Samuel Lyons is retired from the Federal Government after serving in the US Air Force and working in Human Resources in the United States Department of Agriculture, the United States Department of Interior and the United States Railroad Retirement Board. He grew up in Abbeville County, SC and went on to graduate from South Carolina State University with continuing education at George Washington University, the University of Georgia and the Federal Executive Institute in Denver, Colorado. Upon retiring in 1993, he has traveled extensively both in the US and abroad and has been an active volunteer in serving the underprivileged in the communities he has lived in from Louisiana to South Carolina.

Greg Valente
Greg Valente is an entrepreneur and small business owner in Greenville, South Carolina. Originally from New Haven, Connecticut, he graduated from Rensselaer Polytechnic Institute with a BS in Mechanical Engineering and later received a Master of Computer Science degree from Clemson University. He’s a former employee of GE Aircraft Engines and GE Gas Turbines, and an expert in the field of turbine metrology. His wife Diana, a native of Bogota, Colombia, is a ceramic sculptor, cultural agent and mentor to Latino artists. Greg has a keen interest in politics and enjoys discussing and debating political issues, but always in deference to and in consideration of others’ ideas and opinions.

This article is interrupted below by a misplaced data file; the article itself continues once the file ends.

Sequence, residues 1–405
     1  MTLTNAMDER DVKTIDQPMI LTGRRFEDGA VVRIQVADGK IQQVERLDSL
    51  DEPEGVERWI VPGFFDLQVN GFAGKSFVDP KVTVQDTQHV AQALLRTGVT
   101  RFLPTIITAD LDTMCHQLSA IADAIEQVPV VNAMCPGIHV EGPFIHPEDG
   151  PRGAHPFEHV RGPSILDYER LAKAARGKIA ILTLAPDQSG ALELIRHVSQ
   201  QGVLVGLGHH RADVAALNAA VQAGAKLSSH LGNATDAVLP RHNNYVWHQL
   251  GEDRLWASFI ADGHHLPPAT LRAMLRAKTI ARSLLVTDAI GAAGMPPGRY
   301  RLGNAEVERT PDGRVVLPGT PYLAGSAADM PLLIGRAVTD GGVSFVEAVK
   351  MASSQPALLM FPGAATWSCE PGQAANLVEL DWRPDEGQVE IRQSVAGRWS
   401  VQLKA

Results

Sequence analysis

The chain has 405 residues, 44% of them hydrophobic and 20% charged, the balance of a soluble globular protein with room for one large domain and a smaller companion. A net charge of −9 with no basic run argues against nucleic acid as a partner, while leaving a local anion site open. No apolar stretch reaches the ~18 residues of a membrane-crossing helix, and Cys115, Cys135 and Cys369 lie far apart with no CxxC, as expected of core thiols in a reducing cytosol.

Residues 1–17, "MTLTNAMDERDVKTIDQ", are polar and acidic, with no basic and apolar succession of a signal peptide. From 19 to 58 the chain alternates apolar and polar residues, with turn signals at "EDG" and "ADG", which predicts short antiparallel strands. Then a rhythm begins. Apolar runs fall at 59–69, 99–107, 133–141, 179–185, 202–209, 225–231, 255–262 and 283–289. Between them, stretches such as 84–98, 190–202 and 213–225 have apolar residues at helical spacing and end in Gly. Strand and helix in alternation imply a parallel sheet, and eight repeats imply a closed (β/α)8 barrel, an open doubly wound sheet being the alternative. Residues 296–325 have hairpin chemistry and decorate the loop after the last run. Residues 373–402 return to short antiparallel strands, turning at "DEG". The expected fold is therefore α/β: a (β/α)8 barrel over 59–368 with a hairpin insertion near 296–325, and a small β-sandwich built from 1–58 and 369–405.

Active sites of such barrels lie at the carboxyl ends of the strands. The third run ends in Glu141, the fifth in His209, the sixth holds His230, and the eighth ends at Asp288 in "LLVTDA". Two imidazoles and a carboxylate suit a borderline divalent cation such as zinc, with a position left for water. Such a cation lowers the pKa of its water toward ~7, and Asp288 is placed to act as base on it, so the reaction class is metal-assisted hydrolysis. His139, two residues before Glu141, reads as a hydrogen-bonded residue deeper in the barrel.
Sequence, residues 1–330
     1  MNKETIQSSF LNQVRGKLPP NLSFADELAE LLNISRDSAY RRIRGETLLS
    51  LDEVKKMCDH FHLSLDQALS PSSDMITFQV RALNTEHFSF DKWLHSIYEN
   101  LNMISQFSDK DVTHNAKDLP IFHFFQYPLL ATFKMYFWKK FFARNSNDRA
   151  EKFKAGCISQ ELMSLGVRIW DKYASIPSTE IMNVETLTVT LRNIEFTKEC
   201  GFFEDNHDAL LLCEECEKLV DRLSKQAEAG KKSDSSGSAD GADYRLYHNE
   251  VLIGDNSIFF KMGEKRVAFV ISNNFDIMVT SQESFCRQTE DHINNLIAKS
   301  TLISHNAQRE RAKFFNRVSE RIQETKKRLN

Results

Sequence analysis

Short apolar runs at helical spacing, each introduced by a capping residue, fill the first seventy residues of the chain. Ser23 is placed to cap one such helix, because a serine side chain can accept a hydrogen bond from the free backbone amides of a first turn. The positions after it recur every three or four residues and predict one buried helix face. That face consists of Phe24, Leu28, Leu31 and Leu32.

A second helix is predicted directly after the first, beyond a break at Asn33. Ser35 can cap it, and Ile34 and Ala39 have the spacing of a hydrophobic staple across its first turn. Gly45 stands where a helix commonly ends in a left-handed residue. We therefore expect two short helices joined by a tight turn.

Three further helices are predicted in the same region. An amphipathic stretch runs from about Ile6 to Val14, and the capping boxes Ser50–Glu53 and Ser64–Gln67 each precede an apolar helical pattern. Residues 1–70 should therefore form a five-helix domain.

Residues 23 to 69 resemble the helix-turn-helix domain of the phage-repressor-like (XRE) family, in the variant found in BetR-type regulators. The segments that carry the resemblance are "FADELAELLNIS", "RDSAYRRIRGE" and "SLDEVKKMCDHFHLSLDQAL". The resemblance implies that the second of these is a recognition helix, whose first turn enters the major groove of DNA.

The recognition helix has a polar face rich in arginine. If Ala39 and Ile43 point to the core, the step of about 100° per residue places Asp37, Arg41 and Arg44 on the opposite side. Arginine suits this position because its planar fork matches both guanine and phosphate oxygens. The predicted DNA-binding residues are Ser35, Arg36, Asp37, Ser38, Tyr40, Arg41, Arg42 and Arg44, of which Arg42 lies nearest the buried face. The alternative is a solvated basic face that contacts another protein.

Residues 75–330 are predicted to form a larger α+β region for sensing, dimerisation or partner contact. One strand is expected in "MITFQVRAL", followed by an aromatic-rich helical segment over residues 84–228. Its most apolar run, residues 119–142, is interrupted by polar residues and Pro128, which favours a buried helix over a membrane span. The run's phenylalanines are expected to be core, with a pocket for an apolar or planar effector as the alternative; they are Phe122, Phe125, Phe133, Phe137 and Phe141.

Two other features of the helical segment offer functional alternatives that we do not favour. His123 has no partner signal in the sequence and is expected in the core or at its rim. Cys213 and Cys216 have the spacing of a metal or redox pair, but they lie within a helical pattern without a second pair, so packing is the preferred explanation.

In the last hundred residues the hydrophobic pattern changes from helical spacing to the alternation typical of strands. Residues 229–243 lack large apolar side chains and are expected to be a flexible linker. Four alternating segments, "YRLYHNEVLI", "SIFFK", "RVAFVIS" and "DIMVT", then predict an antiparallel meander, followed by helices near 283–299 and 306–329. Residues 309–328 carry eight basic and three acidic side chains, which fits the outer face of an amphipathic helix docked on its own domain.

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Contact

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News and Notes

The Power in the Breaking of Bread Together — Super Suppers

David Brooks – Respect First, Then Gun Control

We at My Neighbor’s Voice join multitudes of others grieving the recent events in Charlottesville, Virginia, where white supremacists and neo-Nazis showed the utmost of hatred towards their fellow Americans in their violent protests of the removal of the Robert E. Lee statue which ended in tragedy.

We would also like to hold out hope that what we are doing in My Neighbor’s Voice is offering a better way for us to communicate with those we don’t agree with along ideological lines. Around our tables, we find common purpose even if common solutions are elusive. In bringing people together to listen to one another’s views, we are breaking down barriers of distrust and disrespect. We are actively building community that is vibrant because it builds on respect for one another using a sustainable model. Our model involves bringing 10-12 people together to go through 4 rounds of questions related to our civic life together. As we answer the questions, we listen to one another without the opportunity to respond in rebuttal. Over and over we have seen people come to a greater understanding of their neighbor’s views. It is this kind of understanding that would keep them from ever participating in violence like we saw in Charlottesville. Please take this opportunity to join in one of our dinners and see how we can build stronger communities, by building each other up, not tearing each other down, either physically or verbally. We look forward to seeing you at table.

Victoria Chance

Mary Anne Inglis

Overcoming Partisanship in America: My Neighbor’s Voice

Empathize with Your Political Foe